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Soybean Futures Prices Mixed

Thursday's Closing Grain + LIvestock Futures Prices

Sep. corn closed at $3.61 and 1/4, up 2 and 3/4 cents
Sep. soybeans closed at $11.36 and 1/4, up 16 and 1/2 cents
Sep. soybean meal closed at $413.80, up $11.20
Sep. soybean oil closed at 32.78, down 8 points
Sep. wheat closed at $5.46 and 1/4, up 6 and 3/4 cents
Aug. live cattle closed at $149.65, up 40 cents
Oct. lean hogs closed at $93.62, up $1.12
Oct. crude oil closed at $93.96, up 51 cents
Dec. cotton closed at 65.92, up 11 points
Sep. Class III milk closed at $23.63, up 49 cents
Aug. gold closed at $1,273.70, down $19.70
Dow Jones Industrial Average: 17,039.49, up 60.36 points

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Ag Market News and Commodity Comments

Soybeans were mixed, with September and November up on commercial demand and the other months down. The trade’s watching the weather and while the trade is expecting a record crop, there are weather concerns in some areas. Export sales look neutral, with a net cancellation on old crop and a strong week for new crop. According to Statistics Canada, canola production should be 13.908 million tons, below what analysts had been expecting and down on the year. Soybean meal was up and bean oil was down on the adjustment of product spreads.

Corn was higher on commercial and technical buying. Weekly export sales were good, but it was another slow week for the shipments. Corn’s also watching the weather, with more rain in the forecast for parts of the Midwest. Ethanol futures were higher. Statistics Canada projects corn production at 11.4 million tons, a 19.5% decline on the year, and the lowest since 2011. The Buenos Aires Grain Exchange expects a 10% year to year decline in Argentina’s planted area.

The wheat complex was higher on commercial and technical buying. Weekly wheat numbers also look pretty much neutral, with a slow week for sales and a good week for shipments. Statistics Canada estimates all-wheat production at 27.704 million tons, down 26% on the year, with durum at 4.953 million tons. Japan bought 146,900 tons of food wheat (89,800 tons U.S., 26,700 tons Canadian, and 30,400 tons Australian). Jordan picked up 100,000 tons of optional origin hard milling wheat.

 

Cattle country was generally quiet on Thursday afternoon. Some packers still act like they need to buy more cattle. A few cattle sold in Kansas, Nebraska and Iowa at 153.00 on the live basis. Nebraska also saw some dressed trade from 241.00 to 243.00. Trade volume totals remain fairly light. It is possible some will delay pulling the trigger until after release of the on feed report Friday. Asking prices are around 244.00 plus in the North and 154.00 to 155.00 in the South. The kill totaled 112,000 head, 1,000 more than last week, but 12,000 less than last year.

Live cattle contracts on the Chicago Mercantile Exchange settled 40 points higher to 132 lower with all 2014 contracts in the black. Cattle futures moved off of session lows with the strong shift higher in the lean hog futures creating some spillover buyer support in the nearby cattle contracts. August settled .40 higher at 149.65, and October up .15 at 145.55.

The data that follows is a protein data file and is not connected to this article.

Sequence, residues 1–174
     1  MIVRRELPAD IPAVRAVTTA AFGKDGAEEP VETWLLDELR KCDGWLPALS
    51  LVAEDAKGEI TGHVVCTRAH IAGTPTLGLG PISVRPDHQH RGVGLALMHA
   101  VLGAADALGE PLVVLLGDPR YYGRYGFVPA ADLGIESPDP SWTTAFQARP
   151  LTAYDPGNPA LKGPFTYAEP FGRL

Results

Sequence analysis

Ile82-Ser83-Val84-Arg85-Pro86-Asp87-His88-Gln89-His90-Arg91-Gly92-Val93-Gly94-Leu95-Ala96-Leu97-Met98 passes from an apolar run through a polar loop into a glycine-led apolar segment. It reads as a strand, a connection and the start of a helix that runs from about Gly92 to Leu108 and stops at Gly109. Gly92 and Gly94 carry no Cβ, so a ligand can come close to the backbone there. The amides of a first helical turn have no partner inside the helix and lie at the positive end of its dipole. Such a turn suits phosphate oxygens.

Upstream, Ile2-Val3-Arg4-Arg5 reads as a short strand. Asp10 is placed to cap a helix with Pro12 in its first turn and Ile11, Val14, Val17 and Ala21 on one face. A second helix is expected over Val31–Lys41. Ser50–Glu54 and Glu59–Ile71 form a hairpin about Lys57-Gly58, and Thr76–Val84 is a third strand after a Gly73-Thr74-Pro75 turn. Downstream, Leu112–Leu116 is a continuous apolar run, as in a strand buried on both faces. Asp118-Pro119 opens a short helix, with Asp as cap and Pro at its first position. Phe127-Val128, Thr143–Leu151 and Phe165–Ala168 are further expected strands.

Feeder cattle ended the session mostly lower with only front month August higher. Futures bounced well off session lows at midday. Very little attention was placed on the front month contract with September through November contracts gaining the most attention. August settled .25 higher at 215.20 and September was down 1.82 at 209.42.

Feeder cattle receipts at the Springfield Livestock Marketing Center in Missouri totaled 1291 head. Compared to last week, steers were steady, Holsteins were scarce, and heifers trended 4.00 to 10.00 lower. The demand was moderate to good on a moderate supply. Tumbling cattle futures and hot weather put pressure on the feeder cattle trade. Feeder steers medium and large 1 averaging 721 pounds brought 219.84 per hundredweight. 532 pound heifers averaged 229.54.

Lean hogs settled 95 to 182 points higher. Despite moderate pressure through most of the morning, a midday turnaround quickly swept through the lean futures market pushing nearby contracts over a 1.00 higher. Firming pork values in the morning report may not have changed the support of the market, but traders focused on the fact lean hog markets have been well oversold given the little additional information that is available concerning both supplies and demand for hogs. October settled at 93.60 and December at 87.55 with both up 1.12.

There was slow hog market activity with light demand on Thursday. Barrows and gilts in the Iowa/Minnesota direct trade closed .79 lower at 95.89 weighted average on a carcass basis, the West was down .55 at 95.81, and the East was 1.24 lower at 96.77. Missouri direct base carcass meat price closed steady to 1.00 higher from 95.00 to 98.00. Butcher hogs at Midwest markets were steady with an instance of 1.00 lower from 64.00 to 80.00.

The pork carcass cutout value was down 1.07 at 106.18 FOB plant. Bellies picnics and ribs were all lower.

Iowa barrows and gilts averaged 282.5 pounds last week, 1.3 pounds lighter than the prior week, though still 10.5 pounds heavier than 2013. This seems like good evidence that pork producers are pulling market hogs forward, away from severe fall discounts.

Thursday’s hog kill was estimated at 406,000 head, the same as last week, but 19,000 less than last year.

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